US approval of the proposed joint venture between American Airlines and Qantas Airways could slip a few months to early 2019, says Qantas chief executive Alan Joyce.
The Oneworld Alliance carriers are "very optimistic" that the tie-up will get a nod from antitrust regulators but, with the Christmas and New Year holidays imminent, approval may not come until early in the new year, he tells FlightGlobal on the sidelines of an alliance event in New York today.
American and Qantas reapplied for immunity with the US Department of Transportation in February, just over a year after a previous joint venture application was rejected by the regulator in 2016.
The airlines have emphasised the economic benefit of their partnership, which tally at $310 million annually. In addition, they have promised to add at least three new routes between Australia and the USA if approved.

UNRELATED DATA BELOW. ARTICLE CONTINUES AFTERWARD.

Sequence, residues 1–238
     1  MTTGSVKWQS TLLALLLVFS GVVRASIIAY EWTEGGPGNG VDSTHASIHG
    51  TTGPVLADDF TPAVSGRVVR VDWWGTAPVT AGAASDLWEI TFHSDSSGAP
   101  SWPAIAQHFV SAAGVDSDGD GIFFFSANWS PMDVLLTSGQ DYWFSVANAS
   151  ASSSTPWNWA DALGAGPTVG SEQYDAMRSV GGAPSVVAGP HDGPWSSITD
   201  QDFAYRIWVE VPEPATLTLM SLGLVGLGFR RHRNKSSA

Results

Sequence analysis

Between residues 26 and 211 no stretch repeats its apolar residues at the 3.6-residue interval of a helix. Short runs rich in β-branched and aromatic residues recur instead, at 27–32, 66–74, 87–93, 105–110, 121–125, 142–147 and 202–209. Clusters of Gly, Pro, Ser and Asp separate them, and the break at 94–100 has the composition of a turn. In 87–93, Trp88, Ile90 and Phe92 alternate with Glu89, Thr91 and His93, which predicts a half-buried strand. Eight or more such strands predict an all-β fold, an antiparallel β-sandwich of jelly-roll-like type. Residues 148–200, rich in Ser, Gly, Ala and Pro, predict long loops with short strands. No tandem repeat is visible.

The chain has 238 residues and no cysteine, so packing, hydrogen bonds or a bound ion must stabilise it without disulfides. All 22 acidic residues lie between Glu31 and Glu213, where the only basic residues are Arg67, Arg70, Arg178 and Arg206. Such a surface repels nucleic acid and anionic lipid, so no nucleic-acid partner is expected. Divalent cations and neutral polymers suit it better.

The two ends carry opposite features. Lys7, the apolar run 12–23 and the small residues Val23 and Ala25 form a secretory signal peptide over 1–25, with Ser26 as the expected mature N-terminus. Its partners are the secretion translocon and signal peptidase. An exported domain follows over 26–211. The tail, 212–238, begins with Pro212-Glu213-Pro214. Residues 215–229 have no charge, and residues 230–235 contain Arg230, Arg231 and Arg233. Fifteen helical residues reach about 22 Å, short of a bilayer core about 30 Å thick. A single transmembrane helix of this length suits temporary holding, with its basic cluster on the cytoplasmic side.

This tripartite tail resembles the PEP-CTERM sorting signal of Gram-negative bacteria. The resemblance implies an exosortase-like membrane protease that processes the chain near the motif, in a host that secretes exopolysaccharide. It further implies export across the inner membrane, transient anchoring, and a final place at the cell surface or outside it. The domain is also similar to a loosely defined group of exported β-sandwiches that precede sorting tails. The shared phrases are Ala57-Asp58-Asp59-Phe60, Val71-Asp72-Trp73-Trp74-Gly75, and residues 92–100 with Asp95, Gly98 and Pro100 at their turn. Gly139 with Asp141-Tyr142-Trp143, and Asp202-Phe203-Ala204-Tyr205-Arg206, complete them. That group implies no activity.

"We're very positive," says Joyce on the likelihood of approval.
An immunised joint venture allows airlines to essentially act as one in a market. For example, they can coordinate schedules and fares, jointly market and sell flights, and pool revenues under the agreements.
American executive vice-president of corporate affairs Stephen Johnson had a similarly optimistic outlook in July, when he said US regulators were taking a new approach to analysing the benefits of joint ventures with the American-Qantas proposal.
"They're taking really a fresh and, I think, very thoughtful look at the whole concept of antitrust immunity around JVs, and Qantas is turning out to be the platform for that," he said. "It has taken a little longer than we'd hope. But we remain optimistic that it's going to get done."
The carriers expected approval by year-end, he said at the time.
An American-Qantas tie up would put the codeshare partners on equal footing with the joint ventures between Delta Air Lines and Virgin Australia, and United Airlines and Air New Zealand.